But does Africa stand a chance? Might Pele be right after all, when he predicted some years ago that an African country would win the World Cup by the turn of the 21st century? Is this the time? Looking at the African representation at the 2010 World Cup, it is difficult to be optimistic. The African teams may not be up to a convincingly strong World Cup. The two perennial African giants, the Indomitable Lions of Cameroon and the Green Eagles of Nigeria, have not been in top forms since their forays in Italy '90 and US '94 respectively. The Elephants of Ivory Coast are individually talented, but collectively, have barely impressed. They have not done well in international competition since Secana Diaby, Omar Ben Saleh, Joel Tiehi and mates lifted the African Nations Cup in Dakar '92. The Ghana Black Stars are the most promising, but they are simply the dark horses of the African group. South Africa and Algeria are minnows, head-scratchers. But Algeria could lurch further than expected. Of all the African teams, Algeria finds itself in the "softest" group (England, Slovenia, USA). The British tabloid The Sun dubs this group "EASY": (E)ngland, (A)lgeria, (S)lovenia, (Y)anks. Of course, the paper was being prematurely jubilatory for its home country.
Perhaps, the world would be dazzled by another element of surprise from the Africans: an unexpected team defying the odds as Algeria did in '82 beating the much fancied West Germany or a team surging ahead into the latter stages of the tournament like Cameroon in Italy '90 and Senegal in Japan/South Korea '02. Yet with or without a World Cup win, it is indisputable that African football has been on the up and up. Africa has made giant strides in the world's leading sport. And for which, a fuller acknowledgment has finally arrived. The South African exhibition is arresting indeed: that the World Cup will be taking place in Africa in a few days' time. This was merely a fanciful construct many moons ago. Now we stand on the cusp of history. We have been waiting for this moment for a long time. Let's go outside and celebrate it.
Predicting The World Cup
Who Will Be the World Champions? Football Fans Sound Off
Ousman Kamara: Brazil. I will say this, Brazil will win! This team has the most explosive defenders not to mention their skillful scorers. Fabiano is at his best. This team has brains and brawn.
Ousainou Krubally: Spain. I am in favor of Spain, because they had very powerful team participation during the European tournament. They played 24 games as a team without losing any. That shows the potential of the Spanish team.
Mamadou Sellou Jallow: Argentina. OK, I am going for Argentina. I believe that most of their players had a wonderful club season this year. If they can transform or maintain this form, they are a team to be reckoned with. Going through the records/history, you will find out that winners of the World Cup had done extremely well in that particular season at the club level. I hope and pray that "wonder-boy" Messi will remain fit and that Argentina will be free of unnecessary cards. (South American tackles.)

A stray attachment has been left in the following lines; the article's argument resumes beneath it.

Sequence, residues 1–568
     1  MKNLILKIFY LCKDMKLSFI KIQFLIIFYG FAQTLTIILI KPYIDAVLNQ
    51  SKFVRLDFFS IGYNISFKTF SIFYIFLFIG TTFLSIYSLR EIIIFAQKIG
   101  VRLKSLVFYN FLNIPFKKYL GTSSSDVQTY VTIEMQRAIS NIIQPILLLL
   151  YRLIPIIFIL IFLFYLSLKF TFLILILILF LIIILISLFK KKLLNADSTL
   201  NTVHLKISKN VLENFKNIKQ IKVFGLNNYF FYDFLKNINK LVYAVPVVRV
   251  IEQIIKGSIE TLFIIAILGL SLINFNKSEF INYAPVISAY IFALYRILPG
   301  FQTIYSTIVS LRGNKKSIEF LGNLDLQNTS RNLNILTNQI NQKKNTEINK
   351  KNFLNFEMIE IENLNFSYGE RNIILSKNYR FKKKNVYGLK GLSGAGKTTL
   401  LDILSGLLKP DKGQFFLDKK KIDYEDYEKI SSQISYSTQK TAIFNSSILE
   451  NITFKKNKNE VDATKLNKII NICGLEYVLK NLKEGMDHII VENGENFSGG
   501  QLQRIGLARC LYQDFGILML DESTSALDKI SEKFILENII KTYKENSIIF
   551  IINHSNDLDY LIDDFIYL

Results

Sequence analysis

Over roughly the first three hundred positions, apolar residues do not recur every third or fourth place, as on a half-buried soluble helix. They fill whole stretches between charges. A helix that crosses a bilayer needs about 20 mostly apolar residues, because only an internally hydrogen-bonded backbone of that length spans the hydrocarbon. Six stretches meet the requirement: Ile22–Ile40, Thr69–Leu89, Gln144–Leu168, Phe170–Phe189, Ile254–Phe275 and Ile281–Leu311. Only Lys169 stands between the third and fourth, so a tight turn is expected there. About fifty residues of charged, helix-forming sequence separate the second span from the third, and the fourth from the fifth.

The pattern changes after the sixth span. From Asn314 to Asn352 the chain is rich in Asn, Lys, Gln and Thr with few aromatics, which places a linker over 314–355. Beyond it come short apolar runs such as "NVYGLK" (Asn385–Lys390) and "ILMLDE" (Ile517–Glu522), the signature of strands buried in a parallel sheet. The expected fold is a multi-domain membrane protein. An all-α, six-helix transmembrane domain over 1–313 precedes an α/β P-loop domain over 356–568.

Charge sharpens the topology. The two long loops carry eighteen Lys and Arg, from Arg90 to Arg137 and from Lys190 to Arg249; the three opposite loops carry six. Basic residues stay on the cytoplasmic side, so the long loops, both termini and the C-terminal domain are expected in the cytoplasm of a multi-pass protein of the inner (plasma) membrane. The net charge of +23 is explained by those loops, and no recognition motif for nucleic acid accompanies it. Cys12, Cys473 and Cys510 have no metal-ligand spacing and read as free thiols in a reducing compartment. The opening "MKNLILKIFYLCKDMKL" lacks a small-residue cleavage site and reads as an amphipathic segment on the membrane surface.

Abdoulie Manneh: England. I have to say that England has the squad that is capable of lifting the World Cup. This is so because they have a well experienced coach, and players, who have been involved in all the competitive games both at home and in Europe. For instance, coach Fabio Capello has selected four players from the Premiership holders, three from Manchester United and four from Spurs, etc. All these players are physically and mentally fit for the World Cup tournament.
Cherno Baba Jallow: Germany. I think the Germans will take it this time. Why not? They have the history and the pedigree. They have won the World Cup three times: 1954, 1974, 1990. Under coach Joachim Loew, Germany went unbeaten throughout the World Cup qualifying rounds. And in World Cup history, the Germans have, most of the time, reached at least the quarter-finals. Remember the popular saying, "never write off the Germans."
Nfally "Junior" Manneh: Argentina. I am sticking my neck for Argentina becoming, for the third time, the world champions. They got the quality, the talents and the individual stars to make it to the final. Also, they have a good coach in Maradona. He was never a loser as a player with the national side. He could prove it again as coach. Good luck to Argentina!
Alhagie Jabbi: Spain. Although I would like the cup to remain in Africa, I cannot convince myself that that will happen. Therefore, I think the European champions Spain will prevail and become the world champions. In Torres and Villa, they have goal poachers. Xavi and Iniesta could kill a game with quick passes while Fabregas could come from the bench and win any game.
South African fans